Most people agree that Tesla currently has the most advanced self-driving technology available in cars today. The limited release FSD package is capable of performing tasks that no other system – which is currently in the hands of non-employed consumers, can.
However, just as many recognize that Tesla’s autonomous driving systems may be leading today, there are also many industry experts who say that Tesla will be overtaken by competitors if they do not add LiDAR technology to complement the existing system used.
The YouTube channel E For Electric addressed this topic in its latest video and discusses the benefits as well as Tesla’s (well actually Elons) reasons why they have decided that they do not need a LiDAR system to achieve full level 5 autonomy driving ability.
And in cars it is (LiDAR) friggin stupid – Elon Musk
The host of E For Electric, Alex Guberman, points out that one of Elon’s other companies, Space-X, developed its own LiDAR system internally, and Elon actually led the project. So obviously Musk knows a lot about LiDAR and how it can be useful under the right circumstances.
Connecting a spacecraft is clearly one of the right applications for LiDAR, but Musk believes it is too expensive and too expensive for terrestrial transport.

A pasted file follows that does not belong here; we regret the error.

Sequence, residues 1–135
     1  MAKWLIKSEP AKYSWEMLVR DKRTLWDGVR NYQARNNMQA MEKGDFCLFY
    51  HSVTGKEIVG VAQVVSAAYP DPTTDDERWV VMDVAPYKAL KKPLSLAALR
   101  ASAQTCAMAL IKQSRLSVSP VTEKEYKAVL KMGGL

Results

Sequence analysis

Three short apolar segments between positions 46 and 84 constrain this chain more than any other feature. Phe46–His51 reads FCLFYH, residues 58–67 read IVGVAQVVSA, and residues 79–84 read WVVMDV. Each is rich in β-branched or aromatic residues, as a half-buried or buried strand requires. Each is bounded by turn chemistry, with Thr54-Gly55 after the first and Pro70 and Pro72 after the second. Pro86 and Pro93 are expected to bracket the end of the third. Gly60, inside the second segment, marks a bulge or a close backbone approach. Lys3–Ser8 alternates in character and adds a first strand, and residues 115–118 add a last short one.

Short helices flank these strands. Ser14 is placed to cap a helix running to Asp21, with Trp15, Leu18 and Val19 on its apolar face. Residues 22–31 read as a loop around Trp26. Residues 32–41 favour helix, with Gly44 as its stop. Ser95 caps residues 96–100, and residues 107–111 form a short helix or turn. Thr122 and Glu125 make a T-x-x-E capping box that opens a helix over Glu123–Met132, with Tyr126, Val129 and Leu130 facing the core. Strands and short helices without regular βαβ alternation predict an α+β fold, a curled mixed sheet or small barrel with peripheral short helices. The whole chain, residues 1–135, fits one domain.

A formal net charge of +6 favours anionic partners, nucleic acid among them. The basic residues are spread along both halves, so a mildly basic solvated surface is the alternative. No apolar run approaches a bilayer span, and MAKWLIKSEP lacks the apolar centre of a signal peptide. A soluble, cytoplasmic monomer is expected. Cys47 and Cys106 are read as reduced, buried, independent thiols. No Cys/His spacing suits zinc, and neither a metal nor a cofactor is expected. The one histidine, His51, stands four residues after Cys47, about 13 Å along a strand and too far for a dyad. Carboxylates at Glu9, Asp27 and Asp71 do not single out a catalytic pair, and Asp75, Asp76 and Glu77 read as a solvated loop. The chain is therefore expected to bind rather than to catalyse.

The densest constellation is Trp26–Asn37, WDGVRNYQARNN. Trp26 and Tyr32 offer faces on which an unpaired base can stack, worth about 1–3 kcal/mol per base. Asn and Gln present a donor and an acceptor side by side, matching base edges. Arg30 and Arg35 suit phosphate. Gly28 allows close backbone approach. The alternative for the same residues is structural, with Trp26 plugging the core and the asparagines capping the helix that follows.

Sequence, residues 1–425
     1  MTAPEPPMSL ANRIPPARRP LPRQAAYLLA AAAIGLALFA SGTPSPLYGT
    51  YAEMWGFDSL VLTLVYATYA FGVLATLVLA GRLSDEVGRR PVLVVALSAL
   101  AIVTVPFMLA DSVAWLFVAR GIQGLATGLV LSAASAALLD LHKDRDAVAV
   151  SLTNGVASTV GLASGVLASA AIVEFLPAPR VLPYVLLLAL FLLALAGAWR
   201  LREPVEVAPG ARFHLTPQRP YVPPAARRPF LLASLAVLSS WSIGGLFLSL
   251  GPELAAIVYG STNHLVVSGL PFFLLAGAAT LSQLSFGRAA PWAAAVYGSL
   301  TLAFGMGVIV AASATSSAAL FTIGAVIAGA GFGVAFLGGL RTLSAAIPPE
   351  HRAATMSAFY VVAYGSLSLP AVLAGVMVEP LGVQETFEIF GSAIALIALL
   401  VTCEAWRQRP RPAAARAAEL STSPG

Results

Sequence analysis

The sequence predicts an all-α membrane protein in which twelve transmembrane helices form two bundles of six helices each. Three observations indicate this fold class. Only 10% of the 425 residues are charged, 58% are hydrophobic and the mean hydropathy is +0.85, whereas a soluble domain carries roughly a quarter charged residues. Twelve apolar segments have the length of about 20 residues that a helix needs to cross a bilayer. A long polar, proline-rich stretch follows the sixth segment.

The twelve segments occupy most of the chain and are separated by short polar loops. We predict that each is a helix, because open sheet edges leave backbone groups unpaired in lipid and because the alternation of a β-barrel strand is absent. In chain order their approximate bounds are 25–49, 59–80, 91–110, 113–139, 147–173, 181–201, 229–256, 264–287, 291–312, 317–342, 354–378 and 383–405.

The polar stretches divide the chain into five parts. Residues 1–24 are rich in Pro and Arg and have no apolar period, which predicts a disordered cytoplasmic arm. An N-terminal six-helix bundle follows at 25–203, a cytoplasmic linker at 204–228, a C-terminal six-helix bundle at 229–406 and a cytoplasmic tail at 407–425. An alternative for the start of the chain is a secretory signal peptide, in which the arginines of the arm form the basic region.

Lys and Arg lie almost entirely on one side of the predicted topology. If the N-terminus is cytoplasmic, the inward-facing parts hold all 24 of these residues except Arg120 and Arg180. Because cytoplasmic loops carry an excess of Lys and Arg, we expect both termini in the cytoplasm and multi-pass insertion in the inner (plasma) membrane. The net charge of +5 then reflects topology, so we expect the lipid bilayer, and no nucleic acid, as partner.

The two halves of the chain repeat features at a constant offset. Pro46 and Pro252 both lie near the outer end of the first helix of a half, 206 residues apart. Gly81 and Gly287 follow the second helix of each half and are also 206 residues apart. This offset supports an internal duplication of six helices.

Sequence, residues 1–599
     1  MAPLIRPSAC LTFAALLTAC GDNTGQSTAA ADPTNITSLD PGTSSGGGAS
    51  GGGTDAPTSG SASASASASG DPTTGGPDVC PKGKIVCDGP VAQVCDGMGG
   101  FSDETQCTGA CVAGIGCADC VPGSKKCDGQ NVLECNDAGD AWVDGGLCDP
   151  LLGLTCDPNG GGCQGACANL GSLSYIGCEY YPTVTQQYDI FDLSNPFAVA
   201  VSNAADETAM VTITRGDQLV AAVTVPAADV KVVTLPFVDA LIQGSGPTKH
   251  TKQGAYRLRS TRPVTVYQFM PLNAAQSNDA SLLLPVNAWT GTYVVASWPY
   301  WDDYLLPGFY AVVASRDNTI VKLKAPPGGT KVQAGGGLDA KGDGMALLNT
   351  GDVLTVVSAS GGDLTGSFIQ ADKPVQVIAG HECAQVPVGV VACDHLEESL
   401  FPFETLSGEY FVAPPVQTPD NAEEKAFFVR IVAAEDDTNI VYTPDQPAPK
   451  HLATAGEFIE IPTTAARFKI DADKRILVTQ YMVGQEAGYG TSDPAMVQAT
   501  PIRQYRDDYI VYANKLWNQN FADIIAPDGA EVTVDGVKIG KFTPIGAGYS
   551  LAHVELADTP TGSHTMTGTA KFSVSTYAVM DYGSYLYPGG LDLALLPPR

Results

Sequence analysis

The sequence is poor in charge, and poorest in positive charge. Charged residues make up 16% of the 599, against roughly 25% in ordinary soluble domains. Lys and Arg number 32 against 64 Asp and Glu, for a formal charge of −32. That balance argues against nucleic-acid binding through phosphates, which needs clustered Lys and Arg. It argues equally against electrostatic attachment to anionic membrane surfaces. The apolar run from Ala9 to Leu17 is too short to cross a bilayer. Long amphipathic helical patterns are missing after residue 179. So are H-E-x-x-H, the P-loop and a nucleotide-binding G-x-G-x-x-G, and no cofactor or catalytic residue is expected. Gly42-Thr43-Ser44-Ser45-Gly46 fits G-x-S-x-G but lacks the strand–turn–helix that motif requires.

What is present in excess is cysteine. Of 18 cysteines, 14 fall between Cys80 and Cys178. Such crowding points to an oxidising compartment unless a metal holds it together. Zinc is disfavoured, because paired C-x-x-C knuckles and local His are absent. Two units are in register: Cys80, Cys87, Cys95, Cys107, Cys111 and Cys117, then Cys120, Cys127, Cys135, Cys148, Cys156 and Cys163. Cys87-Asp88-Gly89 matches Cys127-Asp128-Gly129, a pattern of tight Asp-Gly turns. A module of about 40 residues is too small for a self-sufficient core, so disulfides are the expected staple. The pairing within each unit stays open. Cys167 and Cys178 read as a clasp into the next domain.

Guberman also points out that the cost of LiDAR car systems has come a long way in recent years, and now costs only around $ 500.00 per vehicle. It is true that vehicles would probably need extra computing power on board if LiDAR was added.
Still, the cost-biased arguments against LiDAR seem to be evaporating, and most other companies developing autonomous driving technology include LIDAR, not as a replacement, but to complement the camera and radar systems for extra redundancy.
Having consumer confidence in these systems is crucial, and I think many people are still not convinced that fully autonomous cars will ever be safe enough to trust completely. Perhaps a good way for Tesla to prove that LiDAR is not necessary would be to have a side-by-side test of two Tesla vehicles, with one adding LiDAR and having them undergo a series of tests.
Of course, the LiDAR system will have to be added by a third party to ensure that Tesla does not sandbag it, and it can be difficult to integrate into the vehicle without exposing Tesla’s proprietary technology.
So check out the video and let us know what you think. We know there are probably a lot of hardcore Tesla fans who will more than likely agree with the path the company has chosen, but think about that before you answer. If you do not add LIDAR to an already very good system, it does not provide large costs and it can potentially make it better, should not it be considered? Especially when almost everyone else in the industry thinks it’s worth adding. Let us know your thoughts in the comments section below.